The BMW 802 was a large air-cooled radial aircraft engine, built using two rows of nine cylinders to produce what was essentially an 18-cylinder version of the 14-cylinder BMW 801. Although promising at first, development dragged on and the project was eventually cancelled to concentrate on jet engines instead.
Soon after the 801 entered testing, BMW engineers turned to building much larger versions.
One idea was to bolt two 801s back to back. Although seemingly a simple concept, the resulting, 83.5 litre displacement BMW 803 was in fact fantastically complicated. The power of the engine could only practically be used in extremely large propellers, or, as selected, a contra-rotating pair of propellers. This required a large gearbox on the front of the engine, which combined with the layout of the cylinders, left no room for airflow over the cylinders. This demanded the addition of liquid cooling.
Another idea was to add more cylinders to the 801 design, and since radials need to have an odd number of cylinders per row, the next size up was a two-row 9-cylinder design. The 802 emerged with an almost identical displacement to the American 18-cylinder Wright R-3350 Duplex-Cyclone and just 54 cm3 (3.3 cu in) larger than the British Bristol Centaurus.
One problem with the 801 was its poor altitude performance, due almost entirely to its single-stage two-speed, mechanically driven supercharger. Since the 802 was not a necessity given the success and emerging flexibility of the 801's basic design, the engineers decided to take the time needed to address this problem by including an improved two-stage three-speed supercharger. The lowest-speed setting would not "rob" as much power at low altitudes, allowing the engine to produce 2,600 PS (1,912 kW) for takeoff, and still produce 1,600 PS (1,176 kW) at 12,000 m (39,000 ft). This was a dramatic improvement on the 801A's 1,600 PS (1,176 kW) for takeoff and 1,380 PS (1,015 kW) maximum at 4,500 m (14,800 ft), especially notable considering the engine was less than 30% larger in displacement.
In addition, airflow through the engine had been carefully managed by the BMW aviation powerplant engineering team to enable the straightest possible path into and out of the engine. A twelve-blade fan, almost identical in appearance to the 801's, and stator compressed incoming air, then fed some into the supercharger. The rest was channeled into three paths, the intercooler and the front and rear cylinder baffles. All three streams rejoined behind the rearmost row of cylinders into the exhaust. The combination of the fan and ejector thrust from the exhaust balanced the total internal engine drag.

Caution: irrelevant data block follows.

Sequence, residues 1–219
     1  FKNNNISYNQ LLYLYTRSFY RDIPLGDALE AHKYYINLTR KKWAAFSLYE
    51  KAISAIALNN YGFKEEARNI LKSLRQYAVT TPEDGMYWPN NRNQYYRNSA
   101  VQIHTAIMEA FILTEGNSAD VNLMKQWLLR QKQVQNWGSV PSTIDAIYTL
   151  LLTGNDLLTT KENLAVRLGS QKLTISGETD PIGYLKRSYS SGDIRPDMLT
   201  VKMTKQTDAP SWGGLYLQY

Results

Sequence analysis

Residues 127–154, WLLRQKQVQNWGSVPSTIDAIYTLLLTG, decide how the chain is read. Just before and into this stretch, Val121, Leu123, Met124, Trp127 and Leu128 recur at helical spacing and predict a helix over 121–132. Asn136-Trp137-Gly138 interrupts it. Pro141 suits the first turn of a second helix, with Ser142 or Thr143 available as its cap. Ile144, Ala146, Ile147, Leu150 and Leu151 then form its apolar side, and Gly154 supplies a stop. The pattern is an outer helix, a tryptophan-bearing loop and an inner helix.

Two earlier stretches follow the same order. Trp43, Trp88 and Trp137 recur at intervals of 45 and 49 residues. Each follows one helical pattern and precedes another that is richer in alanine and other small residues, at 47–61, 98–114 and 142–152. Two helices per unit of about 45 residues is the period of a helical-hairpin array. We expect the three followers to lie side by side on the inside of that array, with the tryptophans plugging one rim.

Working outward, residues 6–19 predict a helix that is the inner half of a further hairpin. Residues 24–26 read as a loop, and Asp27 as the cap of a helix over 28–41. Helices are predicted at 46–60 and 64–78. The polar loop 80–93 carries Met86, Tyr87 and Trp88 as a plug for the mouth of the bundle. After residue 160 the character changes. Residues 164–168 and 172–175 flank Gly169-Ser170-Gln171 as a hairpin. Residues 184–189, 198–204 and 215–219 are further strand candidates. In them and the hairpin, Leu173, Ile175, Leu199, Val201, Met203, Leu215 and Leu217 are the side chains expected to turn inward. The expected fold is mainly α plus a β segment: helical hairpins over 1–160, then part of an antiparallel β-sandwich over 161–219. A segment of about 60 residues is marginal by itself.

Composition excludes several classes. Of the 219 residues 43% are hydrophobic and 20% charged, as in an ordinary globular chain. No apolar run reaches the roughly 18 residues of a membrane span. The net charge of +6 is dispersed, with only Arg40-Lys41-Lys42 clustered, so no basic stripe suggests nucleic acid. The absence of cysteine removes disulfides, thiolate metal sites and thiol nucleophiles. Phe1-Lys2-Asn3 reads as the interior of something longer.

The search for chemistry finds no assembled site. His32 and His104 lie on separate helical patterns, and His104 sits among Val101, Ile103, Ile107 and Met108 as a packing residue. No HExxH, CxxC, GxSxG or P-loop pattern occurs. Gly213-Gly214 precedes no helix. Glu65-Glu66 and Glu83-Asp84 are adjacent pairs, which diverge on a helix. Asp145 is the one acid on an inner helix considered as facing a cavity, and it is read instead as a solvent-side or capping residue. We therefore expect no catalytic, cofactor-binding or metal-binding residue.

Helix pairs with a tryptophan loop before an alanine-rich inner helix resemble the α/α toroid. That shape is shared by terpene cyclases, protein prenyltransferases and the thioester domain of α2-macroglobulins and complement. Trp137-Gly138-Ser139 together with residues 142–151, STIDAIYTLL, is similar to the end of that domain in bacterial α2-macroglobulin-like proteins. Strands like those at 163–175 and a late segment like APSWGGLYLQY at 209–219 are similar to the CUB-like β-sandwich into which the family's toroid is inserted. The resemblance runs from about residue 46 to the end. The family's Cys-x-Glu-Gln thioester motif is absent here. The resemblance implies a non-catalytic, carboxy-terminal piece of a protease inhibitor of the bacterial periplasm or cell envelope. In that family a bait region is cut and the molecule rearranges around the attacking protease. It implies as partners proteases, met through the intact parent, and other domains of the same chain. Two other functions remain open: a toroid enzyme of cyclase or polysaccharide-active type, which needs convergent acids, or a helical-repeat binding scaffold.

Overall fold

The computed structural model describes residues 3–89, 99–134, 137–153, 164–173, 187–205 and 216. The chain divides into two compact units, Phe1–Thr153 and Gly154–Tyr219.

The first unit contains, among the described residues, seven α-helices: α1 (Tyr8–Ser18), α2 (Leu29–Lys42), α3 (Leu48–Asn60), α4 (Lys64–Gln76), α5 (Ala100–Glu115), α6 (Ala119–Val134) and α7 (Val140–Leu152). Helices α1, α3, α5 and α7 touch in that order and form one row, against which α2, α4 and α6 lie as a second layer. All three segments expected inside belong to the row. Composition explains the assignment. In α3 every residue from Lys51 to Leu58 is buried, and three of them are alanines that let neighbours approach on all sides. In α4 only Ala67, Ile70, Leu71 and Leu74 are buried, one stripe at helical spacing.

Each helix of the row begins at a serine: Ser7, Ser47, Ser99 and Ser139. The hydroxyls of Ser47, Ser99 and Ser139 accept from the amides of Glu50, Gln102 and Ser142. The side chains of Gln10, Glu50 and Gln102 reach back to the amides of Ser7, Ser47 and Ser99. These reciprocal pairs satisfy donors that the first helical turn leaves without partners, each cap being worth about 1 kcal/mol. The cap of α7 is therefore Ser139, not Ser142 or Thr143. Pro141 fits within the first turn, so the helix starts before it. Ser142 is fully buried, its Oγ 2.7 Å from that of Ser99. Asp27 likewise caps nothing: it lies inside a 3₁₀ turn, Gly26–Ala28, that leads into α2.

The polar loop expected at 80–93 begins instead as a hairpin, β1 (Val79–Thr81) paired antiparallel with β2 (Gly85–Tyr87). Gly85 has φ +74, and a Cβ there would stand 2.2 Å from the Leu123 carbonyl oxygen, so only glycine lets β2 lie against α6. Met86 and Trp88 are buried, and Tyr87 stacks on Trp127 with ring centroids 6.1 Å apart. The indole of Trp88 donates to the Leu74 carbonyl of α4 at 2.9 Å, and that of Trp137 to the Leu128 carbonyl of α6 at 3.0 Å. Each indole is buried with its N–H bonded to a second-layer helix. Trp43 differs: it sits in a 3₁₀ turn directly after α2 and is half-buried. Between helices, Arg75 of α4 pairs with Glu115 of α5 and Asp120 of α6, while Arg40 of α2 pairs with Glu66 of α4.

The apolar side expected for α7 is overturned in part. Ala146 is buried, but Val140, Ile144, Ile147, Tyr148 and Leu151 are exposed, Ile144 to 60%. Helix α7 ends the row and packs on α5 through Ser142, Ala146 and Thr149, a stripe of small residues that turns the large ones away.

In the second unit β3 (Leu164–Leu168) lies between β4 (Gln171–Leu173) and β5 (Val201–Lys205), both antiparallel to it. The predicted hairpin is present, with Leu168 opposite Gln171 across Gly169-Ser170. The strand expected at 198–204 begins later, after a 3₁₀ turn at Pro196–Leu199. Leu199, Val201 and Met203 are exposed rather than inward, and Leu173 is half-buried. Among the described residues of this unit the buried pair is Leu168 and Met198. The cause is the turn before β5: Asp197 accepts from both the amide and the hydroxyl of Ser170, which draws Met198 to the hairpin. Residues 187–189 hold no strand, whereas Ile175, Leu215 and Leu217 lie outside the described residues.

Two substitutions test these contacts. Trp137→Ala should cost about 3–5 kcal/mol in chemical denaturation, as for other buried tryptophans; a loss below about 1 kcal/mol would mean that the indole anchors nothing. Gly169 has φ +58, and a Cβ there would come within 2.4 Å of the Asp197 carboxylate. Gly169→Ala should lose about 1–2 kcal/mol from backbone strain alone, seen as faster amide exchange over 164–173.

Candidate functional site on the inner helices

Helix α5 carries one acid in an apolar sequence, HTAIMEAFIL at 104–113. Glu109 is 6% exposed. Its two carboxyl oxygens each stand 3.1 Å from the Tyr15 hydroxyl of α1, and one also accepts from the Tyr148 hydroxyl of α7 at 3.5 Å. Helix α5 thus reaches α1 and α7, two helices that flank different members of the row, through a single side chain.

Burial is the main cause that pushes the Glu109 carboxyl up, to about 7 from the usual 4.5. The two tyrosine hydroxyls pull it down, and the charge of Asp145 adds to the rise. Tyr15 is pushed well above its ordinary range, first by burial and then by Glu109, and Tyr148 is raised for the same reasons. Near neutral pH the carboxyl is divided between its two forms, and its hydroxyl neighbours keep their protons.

Looking at competing German engines in the 2,000 hp 'class', the engine weighed 1,530 kg (3,370 lb), the same weight as the complex DB 606, which consisted of twinned water-cooled V12 Daimler-Benz DB 601s coupled together, which generated some 2,700 PS (1,986 kW) at sea level for takeoff. The American Wright Duplex-Cyclone radial engine, however, only weighed 1,212 kg (2,670 lb) for nearly the same displacement and engine configuration as the 802. The 802 was eventually projected to be capable of producing 3,000 hp (2,200 kW; 3,000 PS), a power level that the Duplex-Cyclone would not equal and surpass until the post-war years, up to some 2,610 kW (3,500 hp) through the addition of a trio of power-recovery turbines in later models.
Development was still underway in late 1943 when BMW decided the project wasn't worthwhile. With their BMW 003 axial-flow turbojet engine finally maturing and considerably larger models of turbojet and even turboprop powerplants entering the prototype phase from both BMW and their competitors, it appeared that large piston engines weren't worth building. Postwar, the British scientific mission's leader, Sir Roy Fedden, called it "interesting and innovative" and considered it "one of the most interesting piston engines seen in Germany".
A further improvement led to P.8011, which replaced the supercharger with two smaller turbochargers, driving contra-rotating propellers. This raised the takeoff power to about 2,800 PS (2,059 kW), (some report 2,900 PS (2,133 kW)) and dramatically improved altitude performance. As with most German turbocharger projects, the lack of quality high-temperature alloys meant the project was never able to enter production.
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